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The Possibilities at Eleven: Volume II

| April 18th, 2016

stanley

Prospect Profile: Ronnie Stanley, OT, Notre Dame

Pros: Considered by many to be a franchise left tackle because of his size and athleticism. Has exceptionally long arms and held up very well in pass protection. Would improve the Bears pass-blocking from Day One and give them someone who can hold up against Clay Matthews, Ziggy Ansah and Everson Griffen.

Cons: Not really considered a mauler in the run game, which could be a big problem for the Bears. Some question if he really loves football. Looked really stiff and slow at the combine, but said it was because of a calf injury.

Summary: If NFL teams grade Stanley as a franchise left tackle, he won’t make it to the 11th pick. It’s going to come down the psychological evaluations, something nobody really has access to. Certainly has the talent to be a great left tackle. For the Bears, it’s worth questioning if they should invest such a high pick in the position when they have a quarterback who excels after the play breaks down.

Jeff’s Thought: I don’t know how good Charles Leno can be at left tackle but I think the Bears would be making a terrible mistake not finding out. Drafting Stanley would relegate Leno to the bench immediately.

Prospect Profile: A’Shawn Robinson, DL, Alabama

Pros: Called “Body Beautiful” because he looks the part. Incredibly strong despite being just 20 years old last year. Was able to consistently push blockers into the backfield and rarely, if ever, lost ground. Will immediately improve and anchor any team’s run defense. Much better prospect than Danny Shelton was.

Cons: Didn’t test very well at the combine. Could be because he was only 20 years old or he just might not develop into a great athlete. Lack of speed and athleticism might limit his potential as a pass-rusher. Still needs to learn technique. With two big run-stuffers already on the defensive line, Robinson may not fit.

Summary: As the process has played out, Robinson has become one of my favorite players. I don’t think he’ll ever be Mo Wilkerson, but he can be a better version of Malik Jackson. Would love to have seen him get after the quarterback more in college, but there are plenty of reasons to think he’ll be better at doing so in the NFL.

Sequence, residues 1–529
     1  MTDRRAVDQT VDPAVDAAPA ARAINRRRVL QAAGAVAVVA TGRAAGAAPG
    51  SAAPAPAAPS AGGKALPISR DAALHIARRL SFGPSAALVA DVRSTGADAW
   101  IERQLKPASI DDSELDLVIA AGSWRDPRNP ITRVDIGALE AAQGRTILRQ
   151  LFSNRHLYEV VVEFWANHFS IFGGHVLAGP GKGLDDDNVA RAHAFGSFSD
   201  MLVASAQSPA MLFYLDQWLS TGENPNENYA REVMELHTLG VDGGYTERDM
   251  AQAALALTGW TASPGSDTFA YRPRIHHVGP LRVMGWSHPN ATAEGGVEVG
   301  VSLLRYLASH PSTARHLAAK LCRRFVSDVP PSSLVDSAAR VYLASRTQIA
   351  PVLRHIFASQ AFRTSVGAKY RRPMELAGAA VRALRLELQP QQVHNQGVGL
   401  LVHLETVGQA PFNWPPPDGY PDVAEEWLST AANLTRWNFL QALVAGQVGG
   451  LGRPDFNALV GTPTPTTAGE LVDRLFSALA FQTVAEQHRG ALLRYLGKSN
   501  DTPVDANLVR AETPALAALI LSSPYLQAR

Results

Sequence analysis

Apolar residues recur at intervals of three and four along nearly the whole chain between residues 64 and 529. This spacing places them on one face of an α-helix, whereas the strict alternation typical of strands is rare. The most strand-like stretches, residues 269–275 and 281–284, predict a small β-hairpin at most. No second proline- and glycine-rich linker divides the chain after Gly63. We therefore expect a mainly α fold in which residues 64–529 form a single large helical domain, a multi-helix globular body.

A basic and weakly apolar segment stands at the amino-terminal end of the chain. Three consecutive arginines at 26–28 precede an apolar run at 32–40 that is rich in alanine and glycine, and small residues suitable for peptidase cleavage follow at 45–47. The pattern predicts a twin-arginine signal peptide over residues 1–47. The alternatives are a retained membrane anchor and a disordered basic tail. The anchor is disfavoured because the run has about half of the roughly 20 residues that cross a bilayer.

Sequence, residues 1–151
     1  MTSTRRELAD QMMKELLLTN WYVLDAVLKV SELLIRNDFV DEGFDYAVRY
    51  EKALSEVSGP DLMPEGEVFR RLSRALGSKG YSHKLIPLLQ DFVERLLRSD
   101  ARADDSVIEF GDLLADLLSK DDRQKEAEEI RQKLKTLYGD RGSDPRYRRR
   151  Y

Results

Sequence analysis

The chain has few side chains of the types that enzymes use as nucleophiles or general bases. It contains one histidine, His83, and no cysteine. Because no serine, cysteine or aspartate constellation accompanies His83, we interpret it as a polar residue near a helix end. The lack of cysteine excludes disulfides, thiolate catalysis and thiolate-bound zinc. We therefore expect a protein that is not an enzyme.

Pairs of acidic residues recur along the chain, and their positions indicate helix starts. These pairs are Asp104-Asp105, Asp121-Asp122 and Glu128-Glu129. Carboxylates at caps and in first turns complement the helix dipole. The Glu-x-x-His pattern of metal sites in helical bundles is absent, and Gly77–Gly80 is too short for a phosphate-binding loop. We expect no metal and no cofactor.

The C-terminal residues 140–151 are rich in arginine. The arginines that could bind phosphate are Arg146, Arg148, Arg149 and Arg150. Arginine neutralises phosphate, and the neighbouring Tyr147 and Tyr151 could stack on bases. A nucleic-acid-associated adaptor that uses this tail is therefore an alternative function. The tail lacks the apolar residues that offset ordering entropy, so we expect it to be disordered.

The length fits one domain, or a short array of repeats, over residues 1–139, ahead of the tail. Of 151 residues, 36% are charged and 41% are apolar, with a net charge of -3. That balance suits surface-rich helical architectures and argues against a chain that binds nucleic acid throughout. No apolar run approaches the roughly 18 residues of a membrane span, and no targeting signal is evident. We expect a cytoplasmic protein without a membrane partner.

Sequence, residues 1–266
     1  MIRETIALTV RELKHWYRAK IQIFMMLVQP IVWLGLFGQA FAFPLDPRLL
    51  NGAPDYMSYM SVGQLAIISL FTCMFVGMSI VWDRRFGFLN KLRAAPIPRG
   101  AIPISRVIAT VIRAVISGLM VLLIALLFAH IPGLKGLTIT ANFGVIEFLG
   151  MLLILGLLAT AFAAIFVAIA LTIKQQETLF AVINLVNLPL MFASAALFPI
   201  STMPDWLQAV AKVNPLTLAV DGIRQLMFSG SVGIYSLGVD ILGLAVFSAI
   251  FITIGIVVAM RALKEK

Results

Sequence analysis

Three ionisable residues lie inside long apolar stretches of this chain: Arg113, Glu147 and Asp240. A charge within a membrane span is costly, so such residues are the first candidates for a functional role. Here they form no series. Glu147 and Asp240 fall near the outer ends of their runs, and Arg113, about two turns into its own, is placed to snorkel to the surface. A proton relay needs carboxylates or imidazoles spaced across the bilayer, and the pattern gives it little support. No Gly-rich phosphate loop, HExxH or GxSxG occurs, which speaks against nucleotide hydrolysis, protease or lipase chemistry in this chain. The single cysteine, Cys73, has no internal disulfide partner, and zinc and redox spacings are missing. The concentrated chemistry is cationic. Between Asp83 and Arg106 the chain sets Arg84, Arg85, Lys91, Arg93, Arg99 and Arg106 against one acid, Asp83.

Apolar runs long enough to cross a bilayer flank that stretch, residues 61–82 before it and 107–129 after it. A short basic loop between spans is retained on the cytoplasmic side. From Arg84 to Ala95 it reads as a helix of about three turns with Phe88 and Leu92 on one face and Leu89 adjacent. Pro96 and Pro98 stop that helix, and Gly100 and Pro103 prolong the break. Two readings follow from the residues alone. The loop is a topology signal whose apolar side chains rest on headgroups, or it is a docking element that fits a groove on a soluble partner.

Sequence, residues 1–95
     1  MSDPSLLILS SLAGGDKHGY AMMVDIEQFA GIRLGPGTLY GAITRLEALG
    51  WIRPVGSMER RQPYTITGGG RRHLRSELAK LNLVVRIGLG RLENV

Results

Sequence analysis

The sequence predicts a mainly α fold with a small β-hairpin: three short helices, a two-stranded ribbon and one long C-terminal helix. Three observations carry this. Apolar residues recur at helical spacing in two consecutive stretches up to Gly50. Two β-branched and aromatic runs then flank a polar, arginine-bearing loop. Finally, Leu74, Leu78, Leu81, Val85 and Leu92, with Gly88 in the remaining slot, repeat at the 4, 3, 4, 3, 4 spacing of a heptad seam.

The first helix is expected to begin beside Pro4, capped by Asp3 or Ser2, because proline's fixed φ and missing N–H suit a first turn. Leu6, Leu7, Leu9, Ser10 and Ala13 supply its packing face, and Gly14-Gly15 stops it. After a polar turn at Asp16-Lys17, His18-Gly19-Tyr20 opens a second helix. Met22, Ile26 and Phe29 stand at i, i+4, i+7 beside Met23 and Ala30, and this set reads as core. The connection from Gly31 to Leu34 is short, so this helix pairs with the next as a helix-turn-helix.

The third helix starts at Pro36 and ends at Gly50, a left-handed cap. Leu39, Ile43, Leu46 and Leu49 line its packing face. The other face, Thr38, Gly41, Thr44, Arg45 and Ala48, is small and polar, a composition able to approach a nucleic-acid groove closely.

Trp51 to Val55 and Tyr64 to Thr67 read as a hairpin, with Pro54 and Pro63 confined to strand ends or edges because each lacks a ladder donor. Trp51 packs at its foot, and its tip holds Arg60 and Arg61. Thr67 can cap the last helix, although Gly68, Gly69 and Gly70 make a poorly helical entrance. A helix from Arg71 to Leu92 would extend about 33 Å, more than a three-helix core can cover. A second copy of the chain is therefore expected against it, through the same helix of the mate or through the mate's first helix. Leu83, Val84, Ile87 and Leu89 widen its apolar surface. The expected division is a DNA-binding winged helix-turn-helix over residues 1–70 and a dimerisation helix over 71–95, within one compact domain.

Jeff’s Thought: Let’s call it a Crimson Flag. There is so much talent on the Alabama defense every year it’s impossible to know which of them will translate to the professional level. 

Prospect Profile: DeForest Buckner, DL, Oregon

Pros: Considered the best defensive line prospect in the draft. Has exceptional size and length, which could help him develop into a premier interior rusher. With the NFL out-lawing chop blocks, Buckner will be even more valuable.

Cons: Not really a great athlete and not really strong. He isn’t going to rack up sacks like Mo Wilkerson or JJ Watt because he simply isn’t that level of athlete. Also struggled against double teams at times at Oregon. Didn’t go against a lot of premier offensive line talent with the Ducks.

Summary: Not hard to see why he’s considered an elite prospect, even if he isn’t at the level of Wilkerson, Watt or even Leonard Williams a year ago. Would be ideal for the Bears because they have big bodies and speed to put around him, but probably won’t make it to 11.

Jeff’s Thought: Something about this guy feels like he’ll be the pick but, I don’t know, something doesn’t fit. 

Prospect Profile: Sheldon Rankins, DT, Louisville

Pros: Very quick and explosive athlete. Had 14 sacks and 26.5 tackles for loss the last two years at Louisville. Might be the most polished interior pass-rusher in the draft. Very good length for his size.

Cons: While he has good length for his size, he lacks length overall. He might struggle playing outside in base downs and isn’t really strong enough to hold down the middle. Didn’t see him take on and beat up double teams a lot. As athletic as he is, we’re not talking about Aaron Donald.

Summary: I like Rankins a lot, but I’m not sure he is what the Bears are looking for to help their defensive line. But, who knows? Maybe they see him as a situational pass-rusher subbing for either Akeem Hicks or Eddie Goldman on passing downs.

Jeff’s Thought: Feels like a position the Bears don’t view as an area of need. 

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